The use of ultrasound guidance for regional anaesthesia has become popular over the past two decades. However, it is not recognized by all experts as an essential tool. The cost of an ultrasound machine is substantially higher than the cost of other tools such as a nerve stimulator.
To determine whether ultrasound guidance offers any clinical advantage when neuraxial and peripheral nerve blocks are performed in children in terms of increasing the success rate or decreasing the rate of complications.
We searched the following databases to March 2015: Cochrane Central Register of Controlled Trials (CENTRAL), MEDLINE (OvidSP), EMBASE (OvidSP) and Scopus (from inception to 27 January 2015).
We included all parallel randomized controlled trials (RCTs) that evaluated the effects of ultrasound guidance used when a regional blockade technique was performed in children, and that included any of our selected outcomes.
We assessed selected studies for risk of bias by using the assessment tool of The Cochrane Collaboration. Two review authors independently extracted data. We graded the level of evidence for each outcome according to the GRADE (Grades of Recommendation, Assessment, Development and Evaluation) Working Group scale.
We included 20 studies (1241 participants) for which the source of funding was a government organization (two studies), a charitable organization (one study), an institutional department (four studies) or an unspecified source (11 studies); two studies declared that they received help from the industry (equipment loan). In 14 studies (939 participants), ultrasound guidance increased the success rate by decreasing the occurrence of a failed block: risk difference (RD) -0.11 (95% confidence interval (CI) -0.17 to -0.05); I(2) = 64%; number needed for additional beneficial outcome for a peripheral nerve block (NNTB) 6 (95% CI 5 to 8). Blocks were performed under general anaesthesia (usual clinical practice in this population); therefore, haemodynamic changes to the surgical stimulus (rather than classic sensory/motor blockade evaluation) were used to define success. For peripheral nerve blocks, the younger the child, the greater was the benefit. In eight studies (414 participants), pain scores at one hour in the post-anaesthesia care unit were reduced when ultrasound guidance was used; however, the clinical relevance of the difference was unclear (equivalent to -0.2 on a scale from 0 to 10). In eight studies (358 participants), block duration was longer when ultrasound guidance was used: standardized mean difference (SMD) 1.21 (95% CI 0.76 to 1.65; I(2) = 73%; equivalent to 62 minutes). Here again, younger children benefited most from ultrasound guidance. Time to perform the procedure was reduced when ultrasound guidance was used for pre-scanning before a neuraxial block (SMD -1.97, 95% CI -2.41 to -1.54; I(2) = 0%; equivalent to 2.4 minutes; two studies with 122 participants) or as an out-of-plane technique (SMD -0.68, 95% CI -0.96 to -0.40; I(2) = 0%; equivalent to 94 seconds; two studies with 204 participants). In two studies (122 participants), ultrasound guidance reduced the number of needle passes required to perform the block (SMD -0.90, 95% CI -1.27 to -0.52; I(2) = 0%; equivalent to 0.6 needle pass per participant). For two studies (204 participants), we could not demonstrate a difference in the incidence of bloody puncture when ultrasound guidance was used for neuraxial blockade, but we found that the number of participants was well below the optimal information size (RD -0.07, 95% CI -0.19 to 0.04). No major complications were reported for any of the 1241 participants. We rated the quality of evidence as high for success, pain scores at one hour, block duration, time to perform the block and number of needle passes. We rated the quality of evidence as low for bloody punctures.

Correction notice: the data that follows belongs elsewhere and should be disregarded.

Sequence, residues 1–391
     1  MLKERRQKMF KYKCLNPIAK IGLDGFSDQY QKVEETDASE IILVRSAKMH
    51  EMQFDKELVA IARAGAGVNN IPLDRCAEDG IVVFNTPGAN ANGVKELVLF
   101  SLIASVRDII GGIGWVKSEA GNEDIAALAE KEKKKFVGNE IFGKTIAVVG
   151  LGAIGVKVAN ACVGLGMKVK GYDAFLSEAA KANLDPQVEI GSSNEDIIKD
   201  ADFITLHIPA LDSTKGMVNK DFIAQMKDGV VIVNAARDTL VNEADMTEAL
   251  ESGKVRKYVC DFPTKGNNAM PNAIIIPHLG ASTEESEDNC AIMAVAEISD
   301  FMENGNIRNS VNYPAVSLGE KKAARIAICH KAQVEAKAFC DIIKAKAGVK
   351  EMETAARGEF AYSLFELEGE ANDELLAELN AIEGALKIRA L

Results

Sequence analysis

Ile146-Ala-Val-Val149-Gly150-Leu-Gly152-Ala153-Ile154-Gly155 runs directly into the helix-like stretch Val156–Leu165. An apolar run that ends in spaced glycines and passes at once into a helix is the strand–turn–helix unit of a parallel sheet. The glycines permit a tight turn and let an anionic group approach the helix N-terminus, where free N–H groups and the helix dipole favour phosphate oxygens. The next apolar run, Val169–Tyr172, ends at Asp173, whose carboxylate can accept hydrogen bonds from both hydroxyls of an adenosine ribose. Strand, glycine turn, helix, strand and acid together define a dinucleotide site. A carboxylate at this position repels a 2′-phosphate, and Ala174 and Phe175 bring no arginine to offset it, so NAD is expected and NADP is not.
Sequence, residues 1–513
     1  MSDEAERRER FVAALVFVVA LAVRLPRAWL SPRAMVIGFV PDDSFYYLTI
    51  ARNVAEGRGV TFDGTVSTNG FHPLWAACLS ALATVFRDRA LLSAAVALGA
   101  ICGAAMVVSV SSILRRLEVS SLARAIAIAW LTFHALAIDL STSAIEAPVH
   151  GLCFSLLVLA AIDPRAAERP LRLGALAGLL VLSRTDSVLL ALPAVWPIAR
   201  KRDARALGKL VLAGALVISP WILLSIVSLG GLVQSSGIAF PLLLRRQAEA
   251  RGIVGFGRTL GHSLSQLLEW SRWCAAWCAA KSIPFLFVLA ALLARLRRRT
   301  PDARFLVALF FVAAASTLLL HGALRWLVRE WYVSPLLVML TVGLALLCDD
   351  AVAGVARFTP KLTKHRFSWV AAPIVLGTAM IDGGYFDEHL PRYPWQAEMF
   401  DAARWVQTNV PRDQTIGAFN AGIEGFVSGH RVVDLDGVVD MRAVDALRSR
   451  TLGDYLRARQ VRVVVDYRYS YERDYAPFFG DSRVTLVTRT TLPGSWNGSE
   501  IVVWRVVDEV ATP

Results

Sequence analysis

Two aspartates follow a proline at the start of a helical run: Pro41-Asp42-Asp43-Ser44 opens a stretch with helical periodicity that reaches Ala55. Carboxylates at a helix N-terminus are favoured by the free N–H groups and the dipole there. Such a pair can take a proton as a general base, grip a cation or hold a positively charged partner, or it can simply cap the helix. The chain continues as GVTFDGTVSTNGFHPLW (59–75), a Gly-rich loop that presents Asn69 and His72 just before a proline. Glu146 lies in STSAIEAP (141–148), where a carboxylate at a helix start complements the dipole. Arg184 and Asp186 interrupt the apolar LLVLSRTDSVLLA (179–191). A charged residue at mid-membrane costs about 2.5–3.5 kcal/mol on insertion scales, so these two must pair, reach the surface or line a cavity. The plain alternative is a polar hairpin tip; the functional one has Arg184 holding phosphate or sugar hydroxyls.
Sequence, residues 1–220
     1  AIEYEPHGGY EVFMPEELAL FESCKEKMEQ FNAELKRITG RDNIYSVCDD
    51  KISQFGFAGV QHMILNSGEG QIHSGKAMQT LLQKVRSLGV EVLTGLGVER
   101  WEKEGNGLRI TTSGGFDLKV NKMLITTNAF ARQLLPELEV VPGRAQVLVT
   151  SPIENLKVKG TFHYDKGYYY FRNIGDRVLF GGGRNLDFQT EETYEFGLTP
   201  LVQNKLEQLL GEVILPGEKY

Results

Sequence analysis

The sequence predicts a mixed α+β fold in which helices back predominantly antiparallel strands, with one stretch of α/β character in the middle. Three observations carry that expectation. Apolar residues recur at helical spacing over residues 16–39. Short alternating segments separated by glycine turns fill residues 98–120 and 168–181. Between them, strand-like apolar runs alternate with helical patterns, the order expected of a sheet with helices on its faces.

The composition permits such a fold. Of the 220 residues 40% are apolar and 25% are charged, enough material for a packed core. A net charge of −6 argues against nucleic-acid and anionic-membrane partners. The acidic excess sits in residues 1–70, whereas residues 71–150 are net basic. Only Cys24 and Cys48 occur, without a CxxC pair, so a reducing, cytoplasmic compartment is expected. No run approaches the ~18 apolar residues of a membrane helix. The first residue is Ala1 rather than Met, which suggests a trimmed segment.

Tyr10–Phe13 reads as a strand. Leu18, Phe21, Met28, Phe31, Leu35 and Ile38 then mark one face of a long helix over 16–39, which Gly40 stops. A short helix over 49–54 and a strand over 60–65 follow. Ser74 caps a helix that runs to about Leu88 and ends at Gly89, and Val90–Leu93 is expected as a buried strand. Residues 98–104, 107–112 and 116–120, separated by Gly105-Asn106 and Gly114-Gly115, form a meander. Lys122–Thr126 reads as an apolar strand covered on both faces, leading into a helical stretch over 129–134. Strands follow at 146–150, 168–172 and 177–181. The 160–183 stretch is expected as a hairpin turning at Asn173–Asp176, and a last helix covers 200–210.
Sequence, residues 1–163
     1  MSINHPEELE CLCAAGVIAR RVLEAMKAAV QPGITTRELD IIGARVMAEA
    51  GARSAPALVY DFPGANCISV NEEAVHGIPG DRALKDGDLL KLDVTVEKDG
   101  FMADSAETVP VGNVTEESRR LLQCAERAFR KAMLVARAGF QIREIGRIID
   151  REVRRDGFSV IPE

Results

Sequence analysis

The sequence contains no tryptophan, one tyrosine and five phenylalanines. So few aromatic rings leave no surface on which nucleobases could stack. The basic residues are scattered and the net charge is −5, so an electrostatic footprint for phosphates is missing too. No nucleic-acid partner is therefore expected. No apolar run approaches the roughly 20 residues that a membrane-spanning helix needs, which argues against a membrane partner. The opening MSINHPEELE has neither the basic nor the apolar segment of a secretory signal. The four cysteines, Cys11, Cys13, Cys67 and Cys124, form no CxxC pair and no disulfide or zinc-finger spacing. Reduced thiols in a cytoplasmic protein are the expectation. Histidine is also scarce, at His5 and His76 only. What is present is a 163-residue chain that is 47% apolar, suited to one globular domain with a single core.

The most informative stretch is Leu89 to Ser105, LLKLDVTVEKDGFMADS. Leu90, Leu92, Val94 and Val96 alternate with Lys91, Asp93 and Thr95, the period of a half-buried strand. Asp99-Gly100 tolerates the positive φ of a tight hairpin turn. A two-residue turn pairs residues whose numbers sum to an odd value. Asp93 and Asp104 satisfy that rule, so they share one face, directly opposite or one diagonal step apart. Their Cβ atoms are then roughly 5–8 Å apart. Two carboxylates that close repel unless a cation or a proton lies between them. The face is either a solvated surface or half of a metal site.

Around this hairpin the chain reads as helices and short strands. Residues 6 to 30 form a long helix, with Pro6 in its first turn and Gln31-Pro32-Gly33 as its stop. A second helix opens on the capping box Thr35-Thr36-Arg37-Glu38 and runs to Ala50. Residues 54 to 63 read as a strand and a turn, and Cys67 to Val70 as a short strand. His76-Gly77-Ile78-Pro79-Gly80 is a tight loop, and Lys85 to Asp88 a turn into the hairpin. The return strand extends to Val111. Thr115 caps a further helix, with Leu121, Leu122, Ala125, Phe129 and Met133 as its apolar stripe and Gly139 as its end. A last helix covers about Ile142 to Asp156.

Ultrasound guidance seems advantageous, particularly in young children, for whom it improves the success rate and increases the block duration. Additional data are required before conclusions can be drawn on the effect of ultrasound guidance in reducing the rate of bloody puncture.